iSparx Beta 3. iSparx is the extension for your daily work tasks to share information of the Mac OS X Addressbook with others in your network. I haven’t tried it yet… but if it works, it looks very cool. Uses Rendezvous too. [Mac OS X Apps]
Ludicrously useful, and hopefully one day to be expanded to the UK. Amazon has a service in beta that recommends restaurants. Now the 3G phone people will be salivating over how they can tie location awareness into this…
Future Perfect. FutureAus is a green network site that pulls together a lot of useful resources for environmental and anti-capitalist campaigners. Especially useful if you’re in Australia, but useful when you’re not. [Ted Ritzer: GreenTech]
On being increasingly unimpressed by Technorati…. I’m with Tom on this one. I just don’t see the point in Technorati. What exactly does it do that lots of other tools don’t? Am I missing the point completely? [plasticbag.org]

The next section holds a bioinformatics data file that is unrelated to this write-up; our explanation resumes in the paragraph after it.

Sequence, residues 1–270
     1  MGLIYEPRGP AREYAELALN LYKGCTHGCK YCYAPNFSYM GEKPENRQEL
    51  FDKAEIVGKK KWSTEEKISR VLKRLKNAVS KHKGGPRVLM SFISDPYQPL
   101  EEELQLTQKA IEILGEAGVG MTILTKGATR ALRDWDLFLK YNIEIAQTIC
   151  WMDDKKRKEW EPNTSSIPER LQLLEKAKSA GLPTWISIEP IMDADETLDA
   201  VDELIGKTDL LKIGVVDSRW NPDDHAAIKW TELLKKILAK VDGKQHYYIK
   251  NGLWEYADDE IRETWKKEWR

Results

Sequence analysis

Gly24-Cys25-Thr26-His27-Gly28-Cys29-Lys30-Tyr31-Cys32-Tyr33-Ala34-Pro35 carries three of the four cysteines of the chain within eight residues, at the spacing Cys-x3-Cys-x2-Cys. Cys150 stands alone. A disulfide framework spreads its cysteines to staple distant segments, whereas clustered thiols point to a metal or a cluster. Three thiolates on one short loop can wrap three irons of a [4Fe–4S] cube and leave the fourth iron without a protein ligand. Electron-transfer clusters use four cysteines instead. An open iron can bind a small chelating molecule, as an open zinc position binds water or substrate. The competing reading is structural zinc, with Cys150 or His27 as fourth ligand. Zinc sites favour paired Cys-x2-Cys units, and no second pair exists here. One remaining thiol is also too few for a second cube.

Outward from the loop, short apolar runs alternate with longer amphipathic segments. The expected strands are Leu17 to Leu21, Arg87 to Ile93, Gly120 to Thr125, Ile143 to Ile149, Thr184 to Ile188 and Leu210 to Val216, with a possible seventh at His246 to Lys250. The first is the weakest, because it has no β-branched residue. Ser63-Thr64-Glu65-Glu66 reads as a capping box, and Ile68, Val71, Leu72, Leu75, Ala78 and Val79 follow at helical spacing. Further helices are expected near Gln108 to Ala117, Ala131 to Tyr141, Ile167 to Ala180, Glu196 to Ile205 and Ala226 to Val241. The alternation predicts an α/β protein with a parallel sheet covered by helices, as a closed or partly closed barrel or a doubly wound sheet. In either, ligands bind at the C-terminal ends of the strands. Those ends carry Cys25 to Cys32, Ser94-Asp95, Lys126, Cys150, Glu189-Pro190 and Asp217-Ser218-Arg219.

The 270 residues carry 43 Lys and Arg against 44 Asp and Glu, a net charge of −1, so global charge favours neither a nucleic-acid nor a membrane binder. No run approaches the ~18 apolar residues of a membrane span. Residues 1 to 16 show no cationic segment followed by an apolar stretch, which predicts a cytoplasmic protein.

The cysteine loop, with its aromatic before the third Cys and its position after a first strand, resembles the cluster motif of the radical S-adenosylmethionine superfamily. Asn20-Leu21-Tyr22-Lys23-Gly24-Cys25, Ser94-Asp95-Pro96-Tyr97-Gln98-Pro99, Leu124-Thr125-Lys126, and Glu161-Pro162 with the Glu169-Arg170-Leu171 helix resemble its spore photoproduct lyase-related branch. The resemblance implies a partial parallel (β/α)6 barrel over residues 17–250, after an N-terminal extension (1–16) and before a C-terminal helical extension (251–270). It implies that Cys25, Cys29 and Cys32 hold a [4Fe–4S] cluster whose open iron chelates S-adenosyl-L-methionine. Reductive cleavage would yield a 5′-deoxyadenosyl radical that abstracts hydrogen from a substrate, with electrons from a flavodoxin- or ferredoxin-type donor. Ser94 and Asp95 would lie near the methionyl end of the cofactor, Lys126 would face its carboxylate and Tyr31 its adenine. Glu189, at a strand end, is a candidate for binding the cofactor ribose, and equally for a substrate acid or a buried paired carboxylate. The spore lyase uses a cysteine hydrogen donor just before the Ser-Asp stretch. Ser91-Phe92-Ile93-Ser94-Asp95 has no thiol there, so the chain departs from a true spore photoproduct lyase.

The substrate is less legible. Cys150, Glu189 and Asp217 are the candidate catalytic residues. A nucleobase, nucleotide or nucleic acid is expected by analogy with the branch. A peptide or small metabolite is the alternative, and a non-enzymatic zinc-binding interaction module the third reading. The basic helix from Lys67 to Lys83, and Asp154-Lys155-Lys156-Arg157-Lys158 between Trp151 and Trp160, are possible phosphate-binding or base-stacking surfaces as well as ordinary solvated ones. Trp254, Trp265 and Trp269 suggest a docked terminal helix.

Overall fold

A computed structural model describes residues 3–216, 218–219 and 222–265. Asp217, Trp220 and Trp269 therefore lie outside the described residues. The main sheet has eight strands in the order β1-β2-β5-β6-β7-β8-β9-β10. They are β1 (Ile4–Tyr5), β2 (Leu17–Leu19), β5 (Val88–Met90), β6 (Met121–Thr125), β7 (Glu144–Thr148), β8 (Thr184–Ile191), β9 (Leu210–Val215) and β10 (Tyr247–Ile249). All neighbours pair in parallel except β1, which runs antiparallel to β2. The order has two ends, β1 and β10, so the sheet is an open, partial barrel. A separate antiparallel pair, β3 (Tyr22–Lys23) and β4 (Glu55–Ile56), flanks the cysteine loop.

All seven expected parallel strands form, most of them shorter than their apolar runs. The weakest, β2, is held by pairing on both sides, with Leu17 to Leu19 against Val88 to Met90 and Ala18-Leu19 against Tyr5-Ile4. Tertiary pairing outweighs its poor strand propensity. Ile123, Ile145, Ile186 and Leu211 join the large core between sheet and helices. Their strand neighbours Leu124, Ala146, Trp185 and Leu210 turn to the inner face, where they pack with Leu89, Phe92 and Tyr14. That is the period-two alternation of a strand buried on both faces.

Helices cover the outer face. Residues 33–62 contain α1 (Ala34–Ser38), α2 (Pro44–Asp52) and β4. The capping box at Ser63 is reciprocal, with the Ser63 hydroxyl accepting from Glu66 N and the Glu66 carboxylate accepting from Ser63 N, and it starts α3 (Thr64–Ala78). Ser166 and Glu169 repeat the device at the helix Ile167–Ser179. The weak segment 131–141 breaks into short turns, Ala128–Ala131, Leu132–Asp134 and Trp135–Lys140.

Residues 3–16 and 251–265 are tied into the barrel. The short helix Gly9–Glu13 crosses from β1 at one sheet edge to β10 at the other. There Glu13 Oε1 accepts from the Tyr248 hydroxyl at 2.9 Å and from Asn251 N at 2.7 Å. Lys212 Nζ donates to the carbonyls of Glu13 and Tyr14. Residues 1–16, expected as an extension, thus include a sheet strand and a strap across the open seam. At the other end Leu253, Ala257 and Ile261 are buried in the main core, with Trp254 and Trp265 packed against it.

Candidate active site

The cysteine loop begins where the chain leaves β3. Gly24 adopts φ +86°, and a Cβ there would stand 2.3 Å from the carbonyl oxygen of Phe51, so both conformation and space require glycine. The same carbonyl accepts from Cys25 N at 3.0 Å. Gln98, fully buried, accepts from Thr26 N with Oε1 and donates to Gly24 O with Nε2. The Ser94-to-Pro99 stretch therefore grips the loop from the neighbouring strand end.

RadioExpress is a nicely written bookmarklet that performs the same function for Radio that the BlogThis bookmarklet does for Blogger. However, most of the links to it are broken, as Mike Krus (its author) moved from Radio to Movable Type. For anyone who needs it, it now lives here.
Argh! Nigel Slater is on UK Food cooking the perfect chip. Which means I have to go now and get myself a cholestrol-laden, evil chip buttie.
Digital records ‘obscure the past’. BBC News has an excellent story on the problems of digital archiving. Well worth reading, as it raises some fundamental questions. On the surface, digitization would seem to imply that data has more longevity – for example, an ASCII version of a book will be copied in so many places that it has a much better chance of surviving.
However, the problem is that ASCII is about the only lingua franca of computers, and it’s a poor, low-bandwidth way of storing information. Richer formats have a habit of either being proprietary (PDF), which might give them a more limited life than open ones. And don’t even start thinking about the problems of physical media…[BBC News | Technology | UK Edition]